As people respond to the automated SBG persuader, I get anonymous emails with their disagreements. Here’s a big one. It is in response to the premise that “final grades would more accurately reflect current understanding if we could only use recent scores to calculate them.”
“How is that fair to the student that learned addition quicker? Shouldn’t the grade ultimately rank my students according to their ability?”
Sure, pitting kids against each other until they’re tearing at each other’s eyes is fun. But is it right? To me, the answer is “obviously not.” Is it effective as an educational tool? Obviously not. Is it the principle off of which we want kids to model their lives? Obviously not!
Is the point of education to figure out which kid is the best? Say it with me: obviously fucking not.
Sorry. I was being a little sarcastic up there, but let’s be reasonable. The argument for competition in a classroom is that a competitive atmosphere is motivating and can raise the overall level of achievement. What better way is there to get Sarah to raise her grade to a 95 than telling her that Rebecca has a 94?
The problem I have with this is that it focuses solely on the grade. Ranking students by grade, so that they compete for grades, makes them care about the grade. I want them to care about learning. As Alfie Kohn says in The Schools Our Children Deserve, “The difference between learning and achievement is hard enough to grasp; the difference between doing well and doing better than others is especially confusing in a society so obsessed with being Number One that the ideas of excellence and winning have been thoroughly conflated.”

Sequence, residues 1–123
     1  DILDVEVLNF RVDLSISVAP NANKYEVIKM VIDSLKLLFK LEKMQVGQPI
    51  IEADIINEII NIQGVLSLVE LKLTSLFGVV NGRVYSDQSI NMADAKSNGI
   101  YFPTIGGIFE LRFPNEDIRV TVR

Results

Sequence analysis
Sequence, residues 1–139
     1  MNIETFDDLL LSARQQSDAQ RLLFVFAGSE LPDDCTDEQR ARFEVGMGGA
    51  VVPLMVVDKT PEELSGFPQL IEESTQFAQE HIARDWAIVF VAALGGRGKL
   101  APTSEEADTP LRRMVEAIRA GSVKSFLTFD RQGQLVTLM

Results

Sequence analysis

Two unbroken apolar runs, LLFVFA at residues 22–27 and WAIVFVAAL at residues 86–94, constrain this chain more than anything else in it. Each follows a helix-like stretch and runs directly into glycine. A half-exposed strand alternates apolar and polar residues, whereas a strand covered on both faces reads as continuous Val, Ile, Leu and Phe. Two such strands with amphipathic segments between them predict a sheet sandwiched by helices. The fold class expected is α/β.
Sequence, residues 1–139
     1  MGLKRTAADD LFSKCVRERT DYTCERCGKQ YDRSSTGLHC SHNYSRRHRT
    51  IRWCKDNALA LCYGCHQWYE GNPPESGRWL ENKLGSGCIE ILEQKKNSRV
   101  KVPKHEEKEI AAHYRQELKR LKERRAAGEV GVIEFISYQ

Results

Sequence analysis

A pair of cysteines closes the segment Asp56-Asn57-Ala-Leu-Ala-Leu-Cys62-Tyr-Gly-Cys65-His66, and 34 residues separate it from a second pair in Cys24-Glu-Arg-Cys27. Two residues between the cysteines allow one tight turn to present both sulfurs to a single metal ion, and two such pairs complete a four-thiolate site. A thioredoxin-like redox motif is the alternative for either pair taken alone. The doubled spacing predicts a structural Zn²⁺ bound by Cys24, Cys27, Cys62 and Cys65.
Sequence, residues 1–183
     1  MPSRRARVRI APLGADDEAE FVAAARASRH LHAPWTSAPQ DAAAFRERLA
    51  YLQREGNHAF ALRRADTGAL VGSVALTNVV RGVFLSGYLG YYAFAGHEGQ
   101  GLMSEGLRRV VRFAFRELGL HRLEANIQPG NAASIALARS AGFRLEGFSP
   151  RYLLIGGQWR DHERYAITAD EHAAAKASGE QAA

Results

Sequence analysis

Now I’m going to slam you with some research that Alfie Kohn compiled. Watch out. Just read the bold sections unless you’re going to check my references.
- Susan Nolen’s study titled “Reasons for Studying: Motivational Orientations and Study Strategies” concluded that students who equate success with surpassing others are more likely to think in a “surface-level” way.
- Carole Ames published “Children’s Achievement Attributions and Self-Reinforcement: Effects of Self-Concept and Competitive Reward Structure” in the Journal of Educational Psychology with a conclusion that students are more likely to feel empowered to affect their own achievements when those achievements are not linked to competitive results.
- P.S. Fry and K.J. Coe concluded in “Interaction Among Dimensions of Academic Motivation and Classroom Social Climate: A study of the Perceptions of Junior High and High School Pupils” that competitive environments “cause students to dislike school and show less interest in a given subject.”
- From David and Roger Johnson said in Cooperation and Competition: Theory and Research, Kohn concluded that when a group includes members of different ability levels, they “learn more effectively on a range of tasks when they’re able to cooperate with one another than when they’re trying to defeat one another.”
I’m glad that there’s research I can use to bolster my intuition. I don’t think that competition should play a significant role in education, and, since grades are often viewed as the “conclusion” or “you know, the point” of school, I really don’t think that grades should be based on competition.
If you use competition in your class, I’d love to hear how you justify it. Again, I’m open to the idea that I’m wrong, or missing a subtlety. I hope my intro wasn’t so caustic that you aren’t reading this. I guess that’s impossible, since you’re clearly reading this if you’re reading this. But you know what I mean.